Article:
If you’re new to the world of Medicare, you may be feeling lost and overwhelmed. To make matters worse, it can often seem like there’s a dizzying array of options when it comes to understanding your specific coverage needs. One of the best ways to ensure you’re getting the most out of your Medicare coverage is by considering a Medicare supplement plans—but what is it? Let’s take a look at what you need to know about these plans.
What Are Medicare Supplement Plans?
Medicare supplement plans are also known as Medigap plans. These are supplemental insurance policies that “fill in the gaps” left by Original Medicare (Part A and Part B). That means they cover some out-of-pocket costs such as deductibles, coinsurance, and copayments that Original Medicare doesn’t cover.
There are 10 different types of Medigap plans available – each designated with a letter (A through N). All 10 plans offer basic benefits, but some offer additional coverage such as foreign travel emergency care or preventive care. You can purchase any one of these plans from private insurers who have been approved by Centers for Medicare & Medicaid Services (CMS). It is important to note that not all states offer all 10 types of Medigap plans so it is best to check with your state for more information.
When Should You Get a Medigap Plan?
The best time to get a Medigap plan is during your open enrollment period as soon as you turn 65 years old and enrolled in both Parts A and B of Original Medicare. During this period, you can apply for any type of Medigap plan without having to answer any health questions or undergo medical underwriting. This means that any insurer must accept your application regardless of pre-existing conditions or health history. Once this period ends, you may still be able to purchase a plan but insurers can deny your application based on their own criteria.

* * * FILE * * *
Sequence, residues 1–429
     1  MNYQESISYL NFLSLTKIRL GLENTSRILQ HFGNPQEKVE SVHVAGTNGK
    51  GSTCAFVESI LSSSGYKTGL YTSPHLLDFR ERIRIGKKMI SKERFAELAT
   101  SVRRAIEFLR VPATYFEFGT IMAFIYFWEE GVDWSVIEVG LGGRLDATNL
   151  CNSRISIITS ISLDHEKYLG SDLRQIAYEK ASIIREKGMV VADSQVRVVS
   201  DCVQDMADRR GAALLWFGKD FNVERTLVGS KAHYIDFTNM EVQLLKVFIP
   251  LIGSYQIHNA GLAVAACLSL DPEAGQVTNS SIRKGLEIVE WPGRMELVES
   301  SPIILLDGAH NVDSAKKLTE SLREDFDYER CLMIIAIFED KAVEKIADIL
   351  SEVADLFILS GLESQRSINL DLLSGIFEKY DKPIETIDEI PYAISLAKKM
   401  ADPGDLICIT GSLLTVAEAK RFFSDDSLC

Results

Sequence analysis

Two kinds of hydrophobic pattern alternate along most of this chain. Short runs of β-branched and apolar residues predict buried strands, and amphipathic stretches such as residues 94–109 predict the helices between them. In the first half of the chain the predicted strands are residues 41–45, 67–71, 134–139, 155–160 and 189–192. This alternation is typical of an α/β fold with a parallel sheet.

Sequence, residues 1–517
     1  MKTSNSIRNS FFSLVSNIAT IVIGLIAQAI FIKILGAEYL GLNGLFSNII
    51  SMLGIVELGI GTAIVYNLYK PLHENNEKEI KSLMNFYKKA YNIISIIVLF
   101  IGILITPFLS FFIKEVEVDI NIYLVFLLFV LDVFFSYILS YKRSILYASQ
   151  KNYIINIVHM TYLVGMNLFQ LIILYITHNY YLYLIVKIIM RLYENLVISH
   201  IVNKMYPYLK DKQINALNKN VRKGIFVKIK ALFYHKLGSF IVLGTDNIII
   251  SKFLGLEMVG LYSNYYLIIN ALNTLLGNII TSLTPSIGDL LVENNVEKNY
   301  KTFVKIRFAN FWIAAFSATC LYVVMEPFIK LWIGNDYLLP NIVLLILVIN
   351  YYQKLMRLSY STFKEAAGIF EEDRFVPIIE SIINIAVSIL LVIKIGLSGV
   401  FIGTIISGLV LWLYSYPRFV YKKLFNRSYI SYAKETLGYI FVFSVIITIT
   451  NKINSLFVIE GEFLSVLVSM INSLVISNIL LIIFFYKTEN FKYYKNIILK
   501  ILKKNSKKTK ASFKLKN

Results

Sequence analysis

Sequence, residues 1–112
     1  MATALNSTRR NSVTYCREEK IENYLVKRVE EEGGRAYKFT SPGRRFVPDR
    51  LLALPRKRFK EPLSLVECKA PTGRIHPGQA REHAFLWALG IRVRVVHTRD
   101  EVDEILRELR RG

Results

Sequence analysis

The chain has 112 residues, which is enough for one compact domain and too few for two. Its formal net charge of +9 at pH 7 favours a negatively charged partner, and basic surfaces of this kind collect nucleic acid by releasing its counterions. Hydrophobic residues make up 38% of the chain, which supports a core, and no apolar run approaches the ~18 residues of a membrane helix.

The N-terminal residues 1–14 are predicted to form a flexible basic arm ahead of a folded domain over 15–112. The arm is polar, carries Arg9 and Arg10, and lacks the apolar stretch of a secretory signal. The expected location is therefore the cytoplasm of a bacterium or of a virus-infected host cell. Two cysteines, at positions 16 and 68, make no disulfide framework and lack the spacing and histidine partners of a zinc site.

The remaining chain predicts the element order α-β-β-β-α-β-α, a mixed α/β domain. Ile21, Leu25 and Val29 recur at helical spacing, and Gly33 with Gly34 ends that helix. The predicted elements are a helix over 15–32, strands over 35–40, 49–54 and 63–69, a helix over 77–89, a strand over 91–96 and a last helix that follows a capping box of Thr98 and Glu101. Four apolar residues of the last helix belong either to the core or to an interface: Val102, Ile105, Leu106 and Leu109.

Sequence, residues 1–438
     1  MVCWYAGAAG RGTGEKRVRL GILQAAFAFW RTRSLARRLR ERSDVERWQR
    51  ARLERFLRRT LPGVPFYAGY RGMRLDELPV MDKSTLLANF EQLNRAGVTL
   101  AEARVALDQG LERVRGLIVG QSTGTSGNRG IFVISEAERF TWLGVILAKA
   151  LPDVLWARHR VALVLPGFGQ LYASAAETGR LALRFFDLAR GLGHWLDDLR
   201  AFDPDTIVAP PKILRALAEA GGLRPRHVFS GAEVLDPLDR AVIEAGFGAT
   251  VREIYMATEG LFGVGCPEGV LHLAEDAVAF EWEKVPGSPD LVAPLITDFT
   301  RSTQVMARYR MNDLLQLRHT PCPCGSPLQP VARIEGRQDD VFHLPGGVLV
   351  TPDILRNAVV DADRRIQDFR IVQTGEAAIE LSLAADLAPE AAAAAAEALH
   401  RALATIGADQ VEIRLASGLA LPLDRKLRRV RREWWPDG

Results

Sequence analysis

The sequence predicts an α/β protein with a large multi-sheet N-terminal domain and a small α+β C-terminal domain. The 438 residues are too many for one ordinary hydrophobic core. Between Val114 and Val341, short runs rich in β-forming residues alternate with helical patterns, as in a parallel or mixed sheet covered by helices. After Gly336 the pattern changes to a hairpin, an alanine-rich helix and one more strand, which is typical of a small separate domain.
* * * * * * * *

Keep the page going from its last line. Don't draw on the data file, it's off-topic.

How Much Do They Cost?
The cost of Medigap plans vary widely depending on the type of plan that you choose and which insurer offers it in your state. In general, these policies tend to be more expensive than traditional health insurance because they cover 100% of most services after the deductible has been met – meaning there are no co-pays or co-insurance required on the part of the consumer beyond their monthly premiums for their policy. Prices for these policies range from about $100-$450 per month depending on where you live, so it is important to shop around and compare rates before making a decision on which one is right for you.
As we’ve seen, there’s plenty that goes into choosing the right Medicare supplement plan—from understanding what type will work best for you, when should enroll in one, and how much they typically cost each month. With all that said, if consider yourself well informed on these topics then opting into one could potentially save lots in potential out-of-pocket expenses down the line!